Born in California, Ania is the daughter of Polish immigrants. Troubled by the political and economic climate of Communist Poland, her parents seized an attractive job opportunity at a prestigious American university, arriving in the US a few years before Ania was born.
Like many immigrants, however, they soon learned that education and hard work do not guarantee financial success. Without the safety net that cultural and social capital helps ensure, her parents struggled to weather a series of financial shocks. After seeing the psychological impact of this financial hardship on her and her family, Ania became devoted to understanding the psychology of poverty.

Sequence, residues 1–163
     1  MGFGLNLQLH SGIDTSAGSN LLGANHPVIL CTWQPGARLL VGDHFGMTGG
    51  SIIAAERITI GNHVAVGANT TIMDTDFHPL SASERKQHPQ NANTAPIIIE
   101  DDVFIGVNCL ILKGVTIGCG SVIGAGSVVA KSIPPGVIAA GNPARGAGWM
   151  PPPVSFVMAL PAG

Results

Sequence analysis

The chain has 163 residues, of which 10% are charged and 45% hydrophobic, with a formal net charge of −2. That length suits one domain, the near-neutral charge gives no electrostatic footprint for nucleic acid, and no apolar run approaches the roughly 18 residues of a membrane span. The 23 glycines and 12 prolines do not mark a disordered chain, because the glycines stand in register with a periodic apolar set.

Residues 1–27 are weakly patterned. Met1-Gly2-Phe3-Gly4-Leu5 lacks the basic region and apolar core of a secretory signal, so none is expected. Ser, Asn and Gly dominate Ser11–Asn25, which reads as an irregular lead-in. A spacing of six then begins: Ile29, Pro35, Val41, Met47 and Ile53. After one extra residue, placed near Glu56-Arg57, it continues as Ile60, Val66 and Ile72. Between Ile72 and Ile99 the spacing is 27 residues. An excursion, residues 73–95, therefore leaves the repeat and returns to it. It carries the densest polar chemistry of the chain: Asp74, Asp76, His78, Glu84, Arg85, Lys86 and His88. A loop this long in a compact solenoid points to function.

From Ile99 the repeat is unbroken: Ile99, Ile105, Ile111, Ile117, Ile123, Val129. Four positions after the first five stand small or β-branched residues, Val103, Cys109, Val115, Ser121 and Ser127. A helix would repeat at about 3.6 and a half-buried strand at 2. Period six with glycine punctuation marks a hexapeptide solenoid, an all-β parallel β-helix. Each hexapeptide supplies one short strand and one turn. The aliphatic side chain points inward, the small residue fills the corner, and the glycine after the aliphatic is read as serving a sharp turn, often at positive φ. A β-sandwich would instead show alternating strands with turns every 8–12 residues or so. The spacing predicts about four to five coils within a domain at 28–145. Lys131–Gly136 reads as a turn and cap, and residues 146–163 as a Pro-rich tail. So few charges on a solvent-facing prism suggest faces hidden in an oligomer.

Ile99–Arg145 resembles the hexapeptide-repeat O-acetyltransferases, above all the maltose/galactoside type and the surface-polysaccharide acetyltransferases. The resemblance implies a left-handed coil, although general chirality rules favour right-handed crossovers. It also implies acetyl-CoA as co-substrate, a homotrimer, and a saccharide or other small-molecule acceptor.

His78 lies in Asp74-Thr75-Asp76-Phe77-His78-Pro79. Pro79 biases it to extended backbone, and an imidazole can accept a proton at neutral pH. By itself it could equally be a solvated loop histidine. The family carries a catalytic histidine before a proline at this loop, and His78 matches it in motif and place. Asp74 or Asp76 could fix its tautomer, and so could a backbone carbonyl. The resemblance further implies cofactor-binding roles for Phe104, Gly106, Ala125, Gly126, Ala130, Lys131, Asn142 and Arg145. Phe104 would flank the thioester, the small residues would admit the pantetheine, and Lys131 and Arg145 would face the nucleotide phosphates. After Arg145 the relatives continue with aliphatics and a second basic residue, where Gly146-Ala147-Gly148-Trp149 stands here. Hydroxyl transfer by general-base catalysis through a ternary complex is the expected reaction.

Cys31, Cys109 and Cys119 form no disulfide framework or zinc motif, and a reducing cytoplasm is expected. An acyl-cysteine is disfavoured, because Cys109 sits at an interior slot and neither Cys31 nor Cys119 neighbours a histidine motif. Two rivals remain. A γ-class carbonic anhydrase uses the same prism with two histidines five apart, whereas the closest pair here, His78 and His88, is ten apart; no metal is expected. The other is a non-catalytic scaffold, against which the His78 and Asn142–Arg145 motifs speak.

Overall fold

Ania began formally pursuing these interests at the University of California, Berkeley, where she double-majored in economics and psychology, and then subsequently at Carnegie Mellon University, where she completed her MS and PhD in behavioral decision research. She supplemented her formal education on the psychology of poverty by working and volunteering at a range of consumer protection and poverty-alleviation organizations, including the Federal Trade Commission, the World Bank, and a transitional housing center in Washington, DC.
Now a postdoctoral fellow at Harvard University, Ania combines her firsthand experiences with financial struggle, her secondhand observations from her professional and volunteer work, and her training in economics and psychology to help combat poverty and resource inequality through research. In particular, her goal is to use behavioral economics to design psychologically informed poverty-alleviation and consumer protection policies.